2. Case Report

An 85-year-old female presented to the emergency department with a three-hour history of a typical anginal chest discomfort associated with shortness of breath, diaphoresis, nausea, and vomiting. The patient denied a history of coronary heart disease and was well anticoagulated for an atrial fibrillation. The patient was afebrile and her heart rate was 123 beats per minute with a blood pressure of 65/40 mmHg. Her oxygen saturation was 92% on 4 l/min via nasal cannula. On physical exam, she was in respiratory distress with a respiratory rate of 30 per minute and had no peripheral edema. On auscultation of the chest, she had diffuse bilateral crackles. The cardiac examination revealed an irregular rhythm without murmurs. Electrocardiogram (ECG) on presentation demonstrated ST elevations in leads I and aVL and ST depressions in leads II, III, aVF, V5, and V6 (Figures 1(a) and 1(b)).

Blood gas analysis (BGA) revealed increased lactate of 4.2 mmol/l.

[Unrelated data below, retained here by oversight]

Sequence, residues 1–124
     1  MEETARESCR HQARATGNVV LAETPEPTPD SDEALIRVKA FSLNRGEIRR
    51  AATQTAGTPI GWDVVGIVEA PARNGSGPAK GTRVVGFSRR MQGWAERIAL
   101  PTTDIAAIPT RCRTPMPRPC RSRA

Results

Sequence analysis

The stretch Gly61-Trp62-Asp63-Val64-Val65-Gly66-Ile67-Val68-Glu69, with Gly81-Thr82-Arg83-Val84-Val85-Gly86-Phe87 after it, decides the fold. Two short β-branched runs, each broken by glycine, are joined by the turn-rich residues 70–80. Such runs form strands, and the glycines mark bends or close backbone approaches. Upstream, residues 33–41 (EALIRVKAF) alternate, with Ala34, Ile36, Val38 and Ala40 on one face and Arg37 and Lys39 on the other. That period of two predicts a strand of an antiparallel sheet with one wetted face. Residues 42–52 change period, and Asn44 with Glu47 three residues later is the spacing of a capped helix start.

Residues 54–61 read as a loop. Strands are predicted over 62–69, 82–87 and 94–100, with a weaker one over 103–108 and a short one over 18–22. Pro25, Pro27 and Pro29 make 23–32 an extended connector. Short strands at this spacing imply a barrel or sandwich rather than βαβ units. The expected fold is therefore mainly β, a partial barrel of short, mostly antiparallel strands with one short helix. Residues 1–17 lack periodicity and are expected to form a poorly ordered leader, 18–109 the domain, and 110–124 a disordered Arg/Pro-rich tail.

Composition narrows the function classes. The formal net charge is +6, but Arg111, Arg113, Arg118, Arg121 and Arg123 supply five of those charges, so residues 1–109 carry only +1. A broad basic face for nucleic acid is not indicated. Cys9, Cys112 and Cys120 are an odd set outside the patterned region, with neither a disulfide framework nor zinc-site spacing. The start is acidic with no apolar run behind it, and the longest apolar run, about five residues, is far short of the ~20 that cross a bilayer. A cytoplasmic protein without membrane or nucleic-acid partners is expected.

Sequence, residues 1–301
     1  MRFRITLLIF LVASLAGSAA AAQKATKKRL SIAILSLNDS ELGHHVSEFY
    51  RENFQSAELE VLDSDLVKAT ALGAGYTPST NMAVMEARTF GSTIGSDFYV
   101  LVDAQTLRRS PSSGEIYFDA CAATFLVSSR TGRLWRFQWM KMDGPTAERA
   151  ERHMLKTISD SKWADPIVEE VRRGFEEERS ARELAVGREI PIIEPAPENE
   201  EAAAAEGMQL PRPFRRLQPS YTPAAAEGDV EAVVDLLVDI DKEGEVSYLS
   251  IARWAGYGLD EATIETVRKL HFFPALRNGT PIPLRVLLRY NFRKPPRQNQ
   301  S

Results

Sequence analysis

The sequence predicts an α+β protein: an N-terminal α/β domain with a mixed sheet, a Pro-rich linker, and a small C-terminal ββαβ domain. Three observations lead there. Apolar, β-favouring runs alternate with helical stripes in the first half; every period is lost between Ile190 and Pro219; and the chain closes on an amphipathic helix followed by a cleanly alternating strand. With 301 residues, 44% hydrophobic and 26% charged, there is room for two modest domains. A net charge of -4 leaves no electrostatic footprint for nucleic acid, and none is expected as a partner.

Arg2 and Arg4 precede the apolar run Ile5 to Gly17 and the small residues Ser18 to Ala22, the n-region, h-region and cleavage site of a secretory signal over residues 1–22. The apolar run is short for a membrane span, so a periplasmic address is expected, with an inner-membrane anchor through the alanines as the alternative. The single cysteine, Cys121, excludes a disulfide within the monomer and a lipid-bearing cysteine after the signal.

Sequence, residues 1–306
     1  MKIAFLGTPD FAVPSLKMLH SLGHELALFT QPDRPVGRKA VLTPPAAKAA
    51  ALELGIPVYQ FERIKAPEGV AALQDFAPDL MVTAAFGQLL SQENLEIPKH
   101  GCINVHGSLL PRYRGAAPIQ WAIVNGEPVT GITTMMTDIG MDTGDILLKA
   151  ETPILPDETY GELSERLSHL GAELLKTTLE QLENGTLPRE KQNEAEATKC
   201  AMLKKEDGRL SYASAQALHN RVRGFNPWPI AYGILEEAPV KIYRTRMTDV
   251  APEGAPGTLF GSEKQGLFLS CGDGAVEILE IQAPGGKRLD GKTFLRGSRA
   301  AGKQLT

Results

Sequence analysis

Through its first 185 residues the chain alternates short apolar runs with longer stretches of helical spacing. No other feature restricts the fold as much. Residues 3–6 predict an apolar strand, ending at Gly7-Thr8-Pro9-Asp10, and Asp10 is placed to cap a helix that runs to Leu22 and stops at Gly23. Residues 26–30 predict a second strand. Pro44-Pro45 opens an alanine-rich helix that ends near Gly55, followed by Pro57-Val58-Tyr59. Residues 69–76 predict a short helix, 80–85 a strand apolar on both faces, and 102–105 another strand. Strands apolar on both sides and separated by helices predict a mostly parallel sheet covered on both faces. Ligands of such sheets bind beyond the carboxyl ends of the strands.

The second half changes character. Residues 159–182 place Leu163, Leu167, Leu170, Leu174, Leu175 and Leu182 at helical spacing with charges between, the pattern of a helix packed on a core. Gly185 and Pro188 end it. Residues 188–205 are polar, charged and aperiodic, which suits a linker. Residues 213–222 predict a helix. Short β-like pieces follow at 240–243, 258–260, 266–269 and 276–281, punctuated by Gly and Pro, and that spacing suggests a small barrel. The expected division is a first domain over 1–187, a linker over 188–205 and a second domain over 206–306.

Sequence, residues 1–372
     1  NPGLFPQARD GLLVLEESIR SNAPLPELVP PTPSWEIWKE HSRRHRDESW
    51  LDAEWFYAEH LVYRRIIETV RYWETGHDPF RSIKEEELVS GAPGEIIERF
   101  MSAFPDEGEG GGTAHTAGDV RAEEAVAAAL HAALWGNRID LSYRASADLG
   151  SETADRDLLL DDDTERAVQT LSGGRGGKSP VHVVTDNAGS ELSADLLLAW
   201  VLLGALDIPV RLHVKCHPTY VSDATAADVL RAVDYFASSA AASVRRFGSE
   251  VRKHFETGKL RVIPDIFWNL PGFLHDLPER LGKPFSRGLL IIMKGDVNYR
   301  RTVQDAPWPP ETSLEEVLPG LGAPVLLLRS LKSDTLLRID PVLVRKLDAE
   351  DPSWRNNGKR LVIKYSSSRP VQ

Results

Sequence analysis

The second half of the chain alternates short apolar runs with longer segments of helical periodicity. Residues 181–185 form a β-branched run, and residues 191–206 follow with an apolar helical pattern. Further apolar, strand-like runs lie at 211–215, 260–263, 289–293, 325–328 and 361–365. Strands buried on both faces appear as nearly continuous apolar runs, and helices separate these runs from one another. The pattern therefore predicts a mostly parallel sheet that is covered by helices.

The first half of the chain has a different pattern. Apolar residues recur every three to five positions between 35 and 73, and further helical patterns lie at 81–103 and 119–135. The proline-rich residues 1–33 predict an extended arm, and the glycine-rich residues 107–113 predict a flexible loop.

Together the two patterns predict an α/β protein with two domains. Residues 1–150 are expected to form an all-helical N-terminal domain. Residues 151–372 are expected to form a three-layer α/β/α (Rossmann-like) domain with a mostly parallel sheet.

She underwent an emergency coronary angiography. The left main coronary artery (LMCA) could not be engaged with conventional diagnostic catheters for which an aortic root angiography using a pigtail catheter was performed and raised suspicion that the left coronary artery (LCA) was originating from the right coronary sinus. The injection of contrast in the right coronary sinus demonstrated an anomalous LCA separately arising from the right coronary sinus. The culprit lesion was a 100% occlusion in the distal LMCA and proximal left ascending artery (LAD) with grade 0 TIMI flow (Figure 2(a)). For the intervention, a 6F Amplatz right guide catheter (AR-1) was chosen, which engaged the LCA-ostium and provided an acceptable backup. Percutaneous intervention was performed with two drug-eluting stents achieving grade 3 TIMI postintervention without residual stenosis or complications (Figure 2(b)). The left coronary circumflex (LCX) was hypoplastic; therefore, it was ignored in the intervention strategy. The right coronary artery (RCA) was dominant and was divided at the crux of the heart into two large branches and continued posterolaterally as a large posterior lateral branch.